It’s too much of a commitment for me to shove into a deep, dark closet after the 80th time I have to explain to a guest that the logos are for fake brands from Overwatch, and I “bought it as a joke, but also sorta not.” So, no matter what happens for the next handful of years after I receive the chair in July, I will grit my teeth until my gums bleed and say, with full-throated sincerity, “I love this stupid fucking chair.”


  • That’s the spirit

    Part of me was looking at that chair thinking you’re insane, but then I realised that all it takes is something I really like (but in chair form) and I’d treat myself to it

    But as long as they don’t make it, I’m safe from making stupid decisions like that

  • I bought one of these Titan chairs a month ago (umm… different colour though) and it is as good as I’d hoped. Comfy and sturdy. Working from hope at the moment and PC gaming in the evening so i am in it for maybe 10 hours a day.

    Full confession: it can almost flatten right out and yesterday I had a power-nap. Nice.

  • Its was cute while it lasted, but I liked the D.Va headset I bought, even with its design flaws. I still use my D.Va mouse with cycling purple colours. Chairwise I’ve just gone with a regular office chair.

    The only headset I’ve ever regretted buying was a Turtle Beach one, which broke within five minutes of opening the casing.

  • I bought a $500 Vertagear “gaming” chair from PCCG. It was rated to 169kg and I’m vastly lighter than that, yet it experienced a major structural failure in the metal within the first nine months and it took ages with back and forward emails with PCCG to get a replacement part. Nine months after that the entire tilt mechanism failed (different part) and PCCG stopped returning my emails.

    The seat had the worst lumbar support I have ever seen (the crappy Turkish rolls they include in the box and pretend isn’t just a sop to bad chair design) and all the non-seat components (arms, wheels, etc.) were plastic crap.

    Now that’s only my anecdote, but looking around the gaming chair market, as far as I can tell the vast majority are similarly badly designed crap with a premium price tag and a marketing budget to match.

    Pretty much all gaming chair reviews are for chairs just out of the box, not chairs with a couple of years use (and I’d normally expect an easy 5 years minimum out of a $500 chair).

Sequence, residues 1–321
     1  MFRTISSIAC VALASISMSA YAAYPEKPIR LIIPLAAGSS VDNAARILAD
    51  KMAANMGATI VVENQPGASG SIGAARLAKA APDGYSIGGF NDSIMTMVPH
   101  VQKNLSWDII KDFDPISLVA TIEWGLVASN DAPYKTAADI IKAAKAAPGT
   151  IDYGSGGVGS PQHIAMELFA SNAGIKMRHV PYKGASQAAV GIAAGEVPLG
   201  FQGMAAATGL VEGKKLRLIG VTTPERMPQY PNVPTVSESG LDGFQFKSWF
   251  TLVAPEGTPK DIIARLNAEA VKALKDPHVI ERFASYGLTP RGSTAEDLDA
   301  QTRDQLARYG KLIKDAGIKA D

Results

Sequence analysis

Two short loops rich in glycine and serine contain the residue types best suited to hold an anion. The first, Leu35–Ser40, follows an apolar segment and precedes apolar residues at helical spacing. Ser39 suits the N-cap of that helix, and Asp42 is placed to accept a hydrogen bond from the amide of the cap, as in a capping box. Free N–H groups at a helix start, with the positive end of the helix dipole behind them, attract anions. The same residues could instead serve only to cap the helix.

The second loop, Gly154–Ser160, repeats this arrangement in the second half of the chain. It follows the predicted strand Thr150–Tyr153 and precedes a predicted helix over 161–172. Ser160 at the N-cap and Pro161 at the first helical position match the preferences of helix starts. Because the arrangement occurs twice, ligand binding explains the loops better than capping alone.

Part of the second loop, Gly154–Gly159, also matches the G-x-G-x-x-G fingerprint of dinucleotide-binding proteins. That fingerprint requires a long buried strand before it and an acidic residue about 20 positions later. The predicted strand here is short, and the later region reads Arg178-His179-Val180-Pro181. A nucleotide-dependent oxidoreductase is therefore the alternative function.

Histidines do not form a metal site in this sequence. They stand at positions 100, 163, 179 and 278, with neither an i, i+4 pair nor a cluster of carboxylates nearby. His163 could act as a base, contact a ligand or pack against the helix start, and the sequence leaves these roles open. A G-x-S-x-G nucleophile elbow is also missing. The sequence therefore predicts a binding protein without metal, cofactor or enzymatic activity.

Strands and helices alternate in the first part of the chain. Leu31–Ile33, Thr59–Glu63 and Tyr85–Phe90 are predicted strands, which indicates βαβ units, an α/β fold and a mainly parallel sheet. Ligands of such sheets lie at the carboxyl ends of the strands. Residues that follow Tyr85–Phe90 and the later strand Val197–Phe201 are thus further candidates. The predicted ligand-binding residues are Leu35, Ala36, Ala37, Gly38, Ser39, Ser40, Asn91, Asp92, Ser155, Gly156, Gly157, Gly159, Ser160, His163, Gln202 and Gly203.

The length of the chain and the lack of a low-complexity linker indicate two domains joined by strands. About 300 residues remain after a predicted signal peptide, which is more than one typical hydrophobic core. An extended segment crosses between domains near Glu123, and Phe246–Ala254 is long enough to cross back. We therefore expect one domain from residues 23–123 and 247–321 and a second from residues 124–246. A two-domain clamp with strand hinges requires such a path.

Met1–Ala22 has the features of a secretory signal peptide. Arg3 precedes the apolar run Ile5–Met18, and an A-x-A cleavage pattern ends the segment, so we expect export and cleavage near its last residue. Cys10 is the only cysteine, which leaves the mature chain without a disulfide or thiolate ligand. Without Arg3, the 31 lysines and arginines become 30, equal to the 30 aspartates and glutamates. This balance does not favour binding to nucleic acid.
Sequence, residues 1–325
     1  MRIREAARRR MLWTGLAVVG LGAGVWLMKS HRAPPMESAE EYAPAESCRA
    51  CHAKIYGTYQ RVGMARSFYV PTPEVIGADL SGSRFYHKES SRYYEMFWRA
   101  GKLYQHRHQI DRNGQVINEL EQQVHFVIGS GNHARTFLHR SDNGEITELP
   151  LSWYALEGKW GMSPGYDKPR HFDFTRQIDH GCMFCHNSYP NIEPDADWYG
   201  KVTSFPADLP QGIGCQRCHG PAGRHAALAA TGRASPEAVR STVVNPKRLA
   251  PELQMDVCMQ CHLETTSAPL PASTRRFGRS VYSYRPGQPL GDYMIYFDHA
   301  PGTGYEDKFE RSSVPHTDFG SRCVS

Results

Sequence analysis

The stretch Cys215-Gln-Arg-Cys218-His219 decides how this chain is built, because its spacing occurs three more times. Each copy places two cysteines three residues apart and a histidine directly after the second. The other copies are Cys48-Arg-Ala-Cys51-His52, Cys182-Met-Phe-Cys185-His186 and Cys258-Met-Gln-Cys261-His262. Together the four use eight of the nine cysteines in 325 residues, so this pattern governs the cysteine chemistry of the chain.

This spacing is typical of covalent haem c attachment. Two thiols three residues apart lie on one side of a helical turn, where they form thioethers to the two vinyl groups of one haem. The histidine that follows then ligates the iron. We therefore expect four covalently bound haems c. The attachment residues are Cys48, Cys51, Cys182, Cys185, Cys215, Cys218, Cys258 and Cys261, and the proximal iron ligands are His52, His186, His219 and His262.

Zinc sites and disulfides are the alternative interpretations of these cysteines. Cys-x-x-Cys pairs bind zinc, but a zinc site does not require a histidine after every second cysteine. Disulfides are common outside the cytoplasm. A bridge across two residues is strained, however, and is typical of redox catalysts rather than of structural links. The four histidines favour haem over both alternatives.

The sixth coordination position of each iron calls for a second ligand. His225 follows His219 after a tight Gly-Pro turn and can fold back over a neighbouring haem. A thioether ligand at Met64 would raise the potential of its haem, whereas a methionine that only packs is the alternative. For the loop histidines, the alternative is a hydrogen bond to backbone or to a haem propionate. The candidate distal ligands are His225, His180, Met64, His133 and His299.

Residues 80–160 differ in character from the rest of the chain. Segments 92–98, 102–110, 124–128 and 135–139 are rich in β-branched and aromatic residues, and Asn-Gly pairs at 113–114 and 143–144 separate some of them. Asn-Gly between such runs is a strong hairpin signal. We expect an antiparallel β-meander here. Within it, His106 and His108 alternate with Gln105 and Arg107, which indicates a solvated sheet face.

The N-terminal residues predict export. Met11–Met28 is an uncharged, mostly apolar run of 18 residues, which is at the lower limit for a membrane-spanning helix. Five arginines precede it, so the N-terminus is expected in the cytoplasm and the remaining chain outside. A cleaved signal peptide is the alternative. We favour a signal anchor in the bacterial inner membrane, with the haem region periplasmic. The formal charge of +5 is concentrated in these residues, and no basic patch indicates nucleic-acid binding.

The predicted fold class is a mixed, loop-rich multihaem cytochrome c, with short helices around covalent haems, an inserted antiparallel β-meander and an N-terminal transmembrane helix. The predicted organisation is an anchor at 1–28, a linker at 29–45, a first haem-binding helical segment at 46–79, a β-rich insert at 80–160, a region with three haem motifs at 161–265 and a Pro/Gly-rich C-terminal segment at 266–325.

I’ve now reverted to a $200 OfficeWorks unit and it’s perfect. Plus I know I won’t get any shit from OfficeWorks if it goes bad. OfficeWorks have really improved their higher end offerings in the last couple of years.

    • I’d like to believe that the difference between a $200 OfficeWorks chair and a $750 ‘gamer’ chair is not just marketing and licencing fees. Still, like someone else said above, maybe the ‘feelgood factor’ is worth the price.

      • Pretty sure that the difference is not just marketing and licencing fees, it’s also huge profits for both the retailer and the manufacturer.

        It’s certainly easy to assume that you get what you pay for, except when you don’t.

        I remember a story from a marketing lecture once, possibly apocryphal, about a perfume manufacturer whose mid-range product sold poorly, so they took it off the market, rebranded it and jacked up the price to match the top of the range but made no changes whatsoever to the formula. Sold like hot cakes after that, apparently.

        But far from me to begrudge anyone their vanity purchase.

    • im in 2 minds with officeworks chairs. the quality isnt brilliant, but its also not terrible. i bought a $200 office style chair with a 5 year warranty and one of the castors broke off after approx 1.75 years. but this is where officeworks is brilliant, i just took it back in and they let me pick any other chair on the spot, refund of difference if i chose a cheaper one, just pay the difference if i chose a more expensive one. so at the end of the day i cant complain.

      • Yeah, generally the quality with officeworks is shithouse, but as you say, with officeworks you can play the free replacement game almost infinitely if you need to, which is a big plus. Trying to avoid officeworks, however, is why I went with the Vertagear in the first place… and got burned even worse.

        I’d avoid officeworks, but I literally can’t find a single other half-decent chair for under $1000 anywhere despite living literally around the corner from a major commercial office furniture supplier.

        But as it turns out, I actually am pretty happy with my current chair. The quality seems a genuine step up from what I have experienced in the past.

    • Was logging in to write something very similar to this – I’ve had two gaming chairs and both ended the same way (max lifespan 2 years). I’ve just bought a full-backed mesh office chair as a replacement and am looking forward to never owning a “gaming chair” ever again.